I have since had some more thoughts on this subject and after counting the connections again, decided that it could be implemented with an ATtiny85/45/25 DIP 8 chip.
After downloading the DRO_2_2 source code from Yuriy’s website and compiling it up noticed that it will fit on an ATtiny85 or 45, but not on a 25 because at 2294 bytes it requires slightly more than the 2048 bytes of memory available on the 25 chip.
If I use TinyDebugSerial, this gives me TX only, however this is all I need and it still works with the standard Arduino Serial.print, etc functions – the TX connection on the ATtiny85/45/25 chip is on pin PB3 or Digital 3.
Clock – digital pin 0
X Data – digital pin 1
Y Data – digital pin 2
Z Data – digital pin 4
After all only 7 pins are being used anyway (inlcuding GND and VCC), so a full blown Arduino or dip 28 atmega328p chip is not required.
The pull-up resistors are not actually required for any of the Arduino based options as there are internal pull-ups that can be used (pinmode(pin, INPUT_PULLUP)), and if run at 3V, then the voltage divider is not required either.
The ATtiny85/45/25 chips can be run at 8MHz using their internal clocks at 5V or 3V.
I adjusted the schematic
You will note that I have re-arranged the various USB cable pins in order to simplify the board layout, this also means that I can use any shielded cable that happens to have a mini USB connection at one end and replace the other end with a 4 pin Dupont connector.
I ultimately decided to build it with female USB connectors so I don’t have to cut the ends off the USB connectors, which made for slightly more complex wiring.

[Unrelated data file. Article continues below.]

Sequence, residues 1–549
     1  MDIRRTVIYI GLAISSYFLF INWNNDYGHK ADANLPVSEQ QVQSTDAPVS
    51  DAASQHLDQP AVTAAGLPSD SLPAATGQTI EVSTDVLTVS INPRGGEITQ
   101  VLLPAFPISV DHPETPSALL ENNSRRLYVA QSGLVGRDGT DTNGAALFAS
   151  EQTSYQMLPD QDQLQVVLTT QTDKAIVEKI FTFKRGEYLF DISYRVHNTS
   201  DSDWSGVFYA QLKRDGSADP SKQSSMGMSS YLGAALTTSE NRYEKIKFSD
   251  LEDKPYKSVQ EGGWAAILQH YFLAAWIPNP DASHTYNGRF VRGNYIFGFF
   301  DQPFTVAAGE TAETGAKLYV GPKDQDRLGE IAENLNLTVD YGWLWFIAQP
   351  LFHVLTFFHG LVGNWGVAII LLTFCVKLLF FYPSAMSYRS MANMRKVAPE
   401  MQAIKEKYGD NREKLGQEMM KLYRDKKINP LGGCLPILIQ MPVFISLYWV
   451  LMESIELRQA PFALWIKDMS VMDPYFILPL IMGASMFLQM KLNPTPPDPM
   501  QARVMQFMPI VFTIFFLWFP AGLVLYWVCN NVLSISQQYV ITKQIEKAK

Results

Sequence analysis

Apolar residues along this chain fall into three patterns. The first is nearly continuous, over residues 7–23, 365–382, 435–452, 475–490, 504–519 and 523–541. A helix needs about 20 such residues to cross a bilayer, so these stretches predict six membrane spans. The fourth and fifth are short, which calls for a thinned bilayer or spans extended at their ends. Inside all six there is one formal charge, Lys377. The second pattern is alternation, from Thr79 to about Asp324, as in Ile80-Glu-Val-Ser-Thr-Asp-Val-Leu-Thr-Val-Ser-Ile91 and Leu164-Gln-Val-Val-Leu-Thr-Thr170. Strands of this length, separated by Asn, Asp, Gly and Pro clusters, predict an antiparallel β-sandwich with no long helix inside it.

I had to move the Z axis pin from pin 1 to pin 3 because otherwise I would need to disable the reset function and lose the ability to easily program the chip, but this was no big deal.
Ensure you upload a bootloader to these chips before programming, or the fuses do not set, you may also need to slow down the communication to using JP3 on a USBASP programmer when burning a brand new chip.
The 7V supply is from a telephone power supply, this is then dropped to a regulated 5V by a cheap switch mode Buck converter (£8.75 ($13.50) for 10 from ebay seller chesk_2013).
I then also drop the 5V to 3.1V with a voltage divider for powering the scales using a 220 Ohm and 360 Ohm resistor.
I could have dropped the 7V to 5V using a voltage divider as well, but was unsure how well regulated the 7V supply was.
Here is the completed circuit board
and with the voltage regulator and bluetooth modules installed.
Total cost for the parts is £2.50 for the bluetooth module, £0.87 for the regulator, £0.10 for the 2032 holder, £0.60 for the USB connectors, £0.95 for the ATtiny45 chip, £0.10 for the perf board and a few pennies for the diodes, pins and capacitors, so about £5.00 ($7.50) in total. The 2032 cell came with the scales, so I am not including this in the total, although they are only about £0.20 each anyway.